Washington DC Braces for Potential Protests Ahead of Biden’s First State of the Union

Law enforcement in Washington DC is preparing for possible protests and unrest ahead of President Joe Biden’s first State of the Union address on Tuesday, CNN reports.

Law enforcement officials told CNN that a number of factors have contributed to a “heightened security response,” including planned protests and Russia’s invasion of Ukraine.

DC Police Chief Robert Contee said Monday that the department is receiving assistance from the Philadelphia and Baltimore police departments.

Capitol Police are also on high alert and requested a fence around the inner perimeter of the Capitol grounds to boost security ahead of the speech.

Customs and Border Protection will provide aerial support for the event while Secret Service will lead the security response.

The National Guard has approved 700 troops and 50 large vehicles for the event.


The speech comes as multiple trucker convoys inspired by last month’s Canadian protests are planned to arrive in DC. Contee said the convoys would be allowed but truckers who disrupt traffic and refuse to move would be arrested.

"Obviously, we'd like to get voluntary compliance," Contee said. "If we have someone who fails to obey the lawful directive of an officer, a traffic officer in this sense -- you know, 'Hey move your vehicle out of the roadway,' that type of thing -- that person ultimately ... could be arrested for that type of behavior and disruption."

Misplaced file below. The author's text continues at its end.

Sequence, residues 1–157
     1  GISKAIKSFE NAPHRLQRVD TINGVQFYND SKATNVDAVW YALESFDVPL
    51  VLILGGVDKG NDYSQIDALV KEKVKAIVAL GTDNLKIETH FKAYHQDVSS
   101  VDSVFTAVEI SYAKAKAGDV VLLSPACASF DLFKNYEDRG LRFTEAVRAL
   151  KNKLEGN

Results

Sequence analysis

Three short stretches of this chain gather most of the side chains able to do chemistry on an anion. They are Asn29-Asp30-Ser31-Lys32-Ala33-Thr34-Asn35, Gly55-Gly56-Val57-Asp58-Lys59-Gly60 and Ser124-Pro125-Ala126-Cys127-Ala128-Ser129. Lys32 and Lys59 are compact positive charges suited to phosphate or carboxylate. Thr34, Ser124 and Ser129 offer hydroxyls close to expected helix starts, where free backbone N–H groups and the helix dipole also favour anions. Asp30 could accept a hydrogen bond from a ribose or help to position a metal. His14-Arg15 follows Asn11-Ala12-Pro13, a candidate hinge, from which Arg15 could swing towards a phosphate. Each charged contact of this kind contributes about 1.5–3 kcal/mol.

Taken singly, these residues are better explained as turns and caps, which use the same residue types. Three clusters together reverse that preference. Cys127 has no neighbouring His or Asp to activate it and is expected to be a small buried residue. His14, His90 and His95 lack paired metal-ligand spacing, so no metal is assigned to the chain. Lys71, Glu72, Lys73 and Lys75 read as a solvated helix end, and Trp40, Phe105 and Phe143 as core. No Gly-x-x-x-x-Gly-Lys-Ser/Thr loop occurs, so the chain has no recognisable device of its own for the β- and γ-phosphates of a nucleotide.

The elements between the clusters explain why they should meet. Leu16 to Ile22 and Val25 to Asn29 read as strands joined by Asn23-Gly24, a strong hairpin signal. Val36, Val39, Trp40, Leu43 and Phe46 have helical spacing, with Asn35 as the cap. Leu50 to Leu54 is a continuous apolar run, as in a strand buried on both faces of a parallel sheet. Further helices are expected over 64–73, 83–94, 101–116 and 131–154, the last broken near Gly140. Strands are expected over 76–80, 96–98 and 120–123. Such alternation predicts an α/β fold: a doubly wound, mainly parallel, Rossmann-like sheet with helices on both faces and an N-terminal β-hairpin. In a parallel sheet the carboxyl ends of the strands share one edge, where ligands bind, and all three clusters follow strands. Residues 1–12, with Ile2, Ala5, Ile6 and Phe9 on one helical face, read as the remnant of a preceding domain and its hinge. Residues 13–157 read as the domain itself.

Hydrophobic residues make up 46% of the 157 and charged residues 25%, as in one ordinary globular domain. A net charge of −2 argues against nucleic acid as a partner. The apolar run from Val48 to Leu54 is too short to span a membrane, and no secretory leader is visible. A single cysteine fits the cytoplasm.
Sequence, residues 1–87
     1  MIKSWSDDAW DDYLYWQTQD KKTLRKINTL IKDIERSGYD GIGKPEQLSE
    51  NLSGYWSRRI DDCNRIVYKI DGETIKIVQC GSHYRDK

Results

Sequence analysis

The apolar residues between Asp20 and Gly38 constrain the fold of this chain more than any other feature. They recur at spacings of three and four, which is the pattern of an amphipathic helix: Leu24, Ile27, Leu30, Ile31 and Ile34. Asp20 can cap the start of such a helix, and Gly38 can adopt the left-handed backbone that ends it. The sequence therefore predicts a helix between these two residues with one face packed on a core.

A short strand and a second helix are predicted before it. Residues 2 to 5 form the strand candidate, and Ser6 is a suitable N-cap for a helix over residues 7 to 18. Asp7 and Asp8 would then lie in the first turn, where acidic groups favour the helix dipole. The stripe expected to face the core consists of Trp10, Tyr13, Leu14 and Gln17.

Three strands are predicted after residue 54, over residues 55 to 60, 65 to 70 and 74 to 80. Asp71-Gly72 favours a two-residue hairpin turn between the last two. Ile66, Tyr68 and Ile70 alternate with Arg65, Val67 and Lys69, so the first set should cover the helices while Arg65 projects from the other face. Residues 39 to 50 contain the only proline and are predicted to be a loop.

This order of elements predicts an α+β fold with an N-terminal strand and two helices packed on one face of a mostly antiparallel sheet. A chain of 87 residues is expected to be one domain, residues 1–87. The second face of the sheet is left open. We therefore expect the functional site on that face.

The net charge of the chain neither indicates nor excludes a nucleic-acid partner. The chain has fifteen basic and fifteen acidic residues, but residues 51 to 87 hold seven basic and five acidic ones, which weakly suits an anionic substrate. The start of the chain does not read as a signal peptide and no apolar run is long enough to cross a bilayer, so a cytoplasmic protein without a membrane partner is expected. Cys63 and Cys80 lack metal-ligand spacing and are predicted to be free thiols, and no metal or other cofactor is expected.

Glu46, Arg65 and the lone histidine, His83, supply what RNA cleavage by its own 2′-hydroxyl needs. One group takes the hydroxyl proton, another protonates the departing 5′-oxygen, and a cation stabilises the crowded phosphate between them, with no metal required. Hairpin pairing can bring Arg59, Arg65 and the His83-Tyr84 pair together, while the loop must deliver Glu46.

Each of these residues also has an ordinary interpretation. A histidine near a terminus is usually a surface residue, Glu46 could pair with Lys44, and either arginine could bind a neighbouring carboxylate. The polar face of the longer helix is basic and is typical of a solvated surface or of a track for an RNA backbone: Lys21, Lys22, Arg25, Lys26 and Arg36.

A Department of Homeland Security memo over the weekend warned that the arrival of the convoys during the event "could raise the public profile of any associated convoys that do materialize, increasing the likelihood that the protest activity could attract some domestic violent extremists.”

Russian cyber fears?

Officials are also concerned by potential cyber threats, particularly in light of Russia’s invasion of Ukraine.

"Certainly, the events abroad are, not only just in the physical space, but also in cyberspace," said Christopher Rodriguez, director of Washington's Homeland Security and Emergency Management Agency. "There is the potential for Russian disinformation. This wouldn't be the first time the Russians have done that across the United States in the last several years."


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